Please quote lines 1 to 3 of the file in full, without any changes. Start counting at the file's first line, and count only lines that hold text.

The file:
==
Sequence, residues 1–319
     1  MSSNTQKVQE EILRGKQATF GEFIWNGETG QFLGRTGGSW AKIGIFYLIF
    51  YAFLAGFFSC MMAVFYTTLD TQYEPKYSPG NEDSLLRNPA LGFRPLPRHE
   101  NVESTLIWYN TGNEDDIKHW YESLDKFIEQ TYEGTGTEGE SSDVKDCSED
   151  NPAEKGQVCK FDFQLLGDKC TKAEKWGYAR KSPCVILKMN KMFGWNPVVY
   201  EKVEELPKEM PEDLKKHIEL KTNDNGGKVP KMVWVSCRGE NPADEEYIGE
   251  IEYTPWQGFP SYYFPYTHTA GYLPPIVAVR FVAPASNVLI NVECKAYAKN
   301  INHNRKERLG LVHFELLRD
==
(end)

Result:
Sequence, residues 1–319
     1  MSSNTQKVQE EILRGKQATF GEFIWNGETG QFLGRTGGSW AKIGIFYLIF
    51  YAFLAGFFSC MMAVFYTTLD TQYEPKYSPG NEDSLLRNPA LGFRPLPRHE